I’m trying to understand/run the code in Michael Neilsen’s Neural Networks and Deep Learning chapter 2, on backpropagation: http://neuralnetworksanddeeplearning.com/chap2.html#the_code_for_backpropagation

At the start of the backward pass, it has:

```
delta = self.cost_derivative(activations[-1], y) * \
sigmoid_prime(zs[-1])
nabla_b[-1] = delta
nabla_w[-1] = np.dot(delta, activations[-2].transpose())
```

The forward pass creates the `activations`

list, where `activations[i]`

contains a vector of the activations of the neurons in layer i. So `activations[-1]`

is the last layer. y is the desired output.

`cost_derivative`

is defined as:

```
def cost_derivative(self, output_activations, y):
"""Return the vector of partial derivatives \partial C_x /
\partial a for the output activations."""
return (output_activations-y)
```

So that first line outputs a vector with the same shape as our output layer. So my question is how is that `np.dot`

on the 4th line supposed to work? My understanding is that `activations[-2]`

is a vector of the activations of the neurons in the 2nd-to-last layer, which can have any number of neurons, so I’m not sure how we can dot product it (or its transpose) with the delta, which has the shape of the output layer.

I ran the code (https://github.com/mnielsen/neural-networks-and-deep-learning/blob/master/src/network.py) with some added debug lines to try to understand this, and it doesn’t seem to work:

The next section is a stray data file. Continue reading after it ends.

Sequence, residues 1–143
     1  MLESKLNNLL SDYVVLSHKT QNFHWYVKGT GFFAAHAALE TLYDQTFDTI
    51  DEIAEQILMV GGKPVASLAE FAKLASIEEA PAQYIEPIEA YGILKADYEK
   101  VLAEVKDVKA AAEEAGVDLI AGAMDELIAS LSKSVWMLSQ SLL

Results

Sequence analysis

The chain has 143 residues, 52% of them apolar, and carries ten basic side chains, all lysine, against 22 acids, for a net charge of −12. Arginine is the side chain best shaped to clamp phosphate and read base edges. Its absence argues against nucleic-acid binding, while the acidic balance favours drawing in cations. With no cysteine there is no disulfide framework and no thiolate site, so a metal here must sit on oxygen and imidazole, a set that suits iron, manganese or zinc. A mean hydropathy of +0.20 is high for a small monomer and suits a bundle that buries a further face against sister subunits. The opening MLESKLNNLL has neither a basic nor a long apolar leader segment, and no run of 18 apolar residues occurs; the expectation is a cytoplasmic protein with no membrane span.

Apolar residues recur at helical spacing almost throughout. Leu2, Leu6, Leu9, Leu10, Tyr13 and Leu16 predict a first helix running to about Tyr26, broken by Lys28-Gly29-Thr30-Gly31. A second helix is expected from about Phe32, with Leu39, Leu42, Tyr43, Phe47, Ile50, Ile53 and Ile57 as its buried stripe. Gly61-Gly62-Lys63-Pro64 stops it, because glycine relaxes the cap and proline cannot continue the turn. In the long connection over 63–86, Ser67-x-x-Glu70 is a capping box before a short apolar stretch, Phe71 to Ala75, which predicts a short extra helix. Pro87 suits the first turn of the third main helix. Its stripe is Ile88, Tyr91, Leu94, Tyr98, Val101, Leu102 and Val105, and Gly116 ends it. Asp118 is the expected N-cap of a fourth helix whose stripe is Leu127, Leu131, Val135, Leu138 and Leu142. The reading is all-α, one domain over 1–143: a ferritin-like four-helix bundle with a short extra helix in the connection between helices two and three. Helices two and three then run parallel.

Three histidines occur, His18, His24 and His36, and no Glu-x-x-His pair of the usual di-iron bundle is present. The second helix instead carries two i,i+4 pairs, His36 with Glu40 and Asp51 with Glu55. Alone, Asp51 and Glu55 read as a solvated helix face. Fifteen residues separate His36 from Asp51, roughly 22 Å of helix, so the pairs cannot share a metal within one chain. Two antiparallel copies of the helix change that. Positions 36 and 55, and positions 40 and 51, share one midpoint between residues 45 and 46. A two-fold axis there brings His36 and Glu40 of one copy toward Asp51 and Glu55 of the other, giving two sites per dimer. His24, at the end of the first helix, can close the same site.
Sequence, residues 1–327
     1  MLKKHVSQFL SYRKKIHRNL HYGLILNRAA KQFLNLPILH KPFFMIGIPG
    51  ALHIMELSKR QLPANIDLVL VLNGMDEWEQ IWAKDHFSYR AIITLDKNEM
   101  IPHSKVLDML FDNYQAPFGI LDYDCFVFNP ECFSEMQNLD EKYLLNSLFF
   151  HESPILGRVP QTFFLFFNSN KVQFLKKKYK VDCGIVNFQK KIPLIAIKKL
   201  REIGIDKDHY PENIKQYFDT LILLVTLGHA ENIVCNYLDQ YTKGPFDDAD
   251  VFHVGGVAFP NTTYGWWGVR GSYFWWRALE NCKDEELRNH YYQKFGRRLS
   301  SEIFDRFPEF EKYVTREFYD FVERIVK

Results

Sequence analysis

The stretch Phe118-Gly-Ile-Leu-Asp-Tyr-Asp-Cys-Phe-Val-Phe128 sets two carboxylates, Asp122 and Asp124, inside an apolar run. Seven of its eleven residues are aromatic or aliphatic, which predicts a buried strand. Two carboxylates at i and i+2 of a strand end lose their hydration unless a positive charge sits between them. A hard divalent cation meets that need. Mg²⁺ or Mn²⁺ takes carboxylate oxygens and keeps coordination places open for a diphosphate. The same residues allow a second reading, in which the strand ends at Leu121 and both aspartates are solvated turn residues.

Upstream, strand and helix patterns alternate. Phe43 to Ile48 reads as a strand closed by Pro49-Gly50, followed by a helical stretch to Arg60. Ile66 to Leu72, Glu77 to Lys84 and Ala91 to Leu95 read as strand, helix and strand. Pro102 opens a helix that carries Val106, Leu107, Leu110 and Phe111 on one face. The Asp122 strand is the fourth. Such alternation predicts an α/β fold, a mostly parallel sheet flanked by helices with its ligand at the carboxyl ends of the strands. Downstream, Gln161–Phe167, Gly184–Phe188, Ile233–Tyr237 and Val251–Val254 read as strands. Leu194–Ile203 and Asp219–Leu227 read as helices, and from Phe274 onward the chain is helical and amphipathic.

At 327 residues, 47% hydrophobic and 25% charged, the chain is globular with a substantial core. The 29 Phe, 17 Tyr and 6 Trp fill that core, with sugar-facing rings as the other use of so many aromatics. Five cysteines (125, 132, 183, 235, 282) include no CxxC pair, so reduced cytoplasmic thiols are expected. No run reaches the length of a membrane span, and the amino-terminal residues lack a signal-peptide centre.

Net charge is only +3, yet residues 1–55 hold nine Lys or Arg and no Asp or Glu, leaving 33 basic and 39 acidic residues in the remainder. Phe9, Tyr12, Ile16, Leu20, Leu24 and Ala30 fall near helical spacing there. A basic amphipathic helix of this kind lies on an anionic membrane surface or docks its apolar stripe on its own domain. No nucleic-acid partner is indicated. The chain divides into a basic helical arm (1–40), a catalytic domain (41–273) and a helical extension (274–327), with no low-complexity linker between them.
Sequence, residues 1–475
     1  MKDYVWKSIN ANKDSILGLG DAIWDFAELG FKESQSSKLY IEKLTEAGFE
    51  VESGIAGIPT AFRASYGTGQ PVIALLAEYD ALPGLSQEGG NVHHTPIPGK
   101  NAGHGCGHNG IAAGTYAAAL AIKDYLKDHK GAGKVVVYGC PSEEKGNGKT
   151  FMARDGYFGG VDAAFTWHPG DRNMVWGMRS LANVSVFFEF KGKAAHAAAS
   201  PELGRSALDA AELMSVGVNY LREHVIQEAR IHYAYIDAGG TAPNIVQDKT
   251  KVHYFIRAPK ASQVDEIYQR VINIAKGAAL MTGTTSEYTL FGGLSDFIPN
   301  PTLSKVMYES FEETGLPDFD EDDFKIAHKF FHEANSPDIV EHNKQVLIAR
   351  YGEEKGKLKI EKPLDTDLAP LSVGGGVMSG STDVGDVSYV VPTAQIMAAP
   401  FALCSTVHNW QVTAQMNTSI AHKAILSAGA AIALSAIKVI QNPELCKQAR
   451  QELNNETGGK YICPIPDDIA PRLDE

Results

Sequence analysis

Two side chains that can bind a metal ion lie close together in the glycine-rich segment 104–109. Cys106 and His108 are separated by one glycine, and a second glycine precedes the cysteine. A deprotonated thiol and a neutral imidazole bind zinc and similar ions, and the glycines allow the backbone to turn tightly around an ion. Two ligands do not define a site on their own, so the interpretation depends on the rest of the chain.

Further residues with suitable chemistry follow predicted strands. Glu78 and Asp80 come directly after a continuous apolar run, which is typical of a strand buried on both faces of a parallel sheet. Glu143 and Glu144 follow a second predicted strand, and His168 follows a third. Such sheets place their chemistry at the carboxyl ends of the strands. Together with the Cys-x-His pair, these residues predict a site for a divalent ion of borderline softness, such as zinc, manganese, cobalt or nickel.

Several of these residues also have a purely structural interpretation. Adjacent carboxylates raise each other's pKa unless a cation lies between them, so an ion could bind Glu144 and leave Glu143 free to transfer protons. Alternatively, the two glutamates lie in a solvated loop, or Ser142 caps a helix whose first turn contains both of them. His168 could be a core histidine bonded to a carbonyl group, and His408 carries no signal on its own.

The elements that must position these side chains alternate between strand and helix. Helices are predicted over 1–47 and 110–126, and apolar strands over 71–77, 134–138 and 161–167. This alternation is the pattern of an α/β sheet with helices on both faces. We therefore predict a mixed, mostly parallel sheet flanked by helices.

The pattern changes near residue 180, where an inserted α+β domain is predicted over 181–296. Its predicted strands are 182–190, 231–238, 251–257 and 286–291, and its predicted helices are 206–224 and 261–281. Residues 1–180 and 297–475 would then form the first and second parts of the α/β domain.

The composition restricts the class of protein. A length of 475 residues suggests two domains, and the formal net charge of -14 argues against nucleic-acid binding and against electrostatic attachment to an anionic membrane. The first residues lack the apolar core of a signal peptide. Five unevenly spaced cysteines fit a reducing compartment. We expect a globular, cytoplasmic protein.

```
>>> from network import *; net = Network([2,1,2])
>>> net.backprop([1,2], [3,4])
Activations[0]
[1, 2]
Activations[1]
[[ 0.33579893]]
Activations[2]
[[ 0.37944698]
[ 0.45005939]]
Traceback (most recent call last):
File "<stdin>", line 1, in <module>
File "<snip>/neural-networks-and-deep-learning/src/network.py", line 117, in backprop
nabla_w[-1] = np.dot(delta, activations[-2].transpose())
ValueError: shapes (2,2) and (1,1) not aligned: 2 (dim 1) != 1 (dim 0)
```

`activations`

looks exactly as I’d expect - 2 activations, then 1, then 2. The failure is on the line I’m unclear about, and fails as I’d expect. But, presumably the code in this book is tested (the book is excellent) and I must be doing something wrong. I was writing an independent implementation and hit the same issue, so I was expecting to be able to take this code apart to figure it out - but I can’t figure out how this is supposed to work, or why it works for the author.

I’d appreciate any insight on what I’m missing here. Thanks!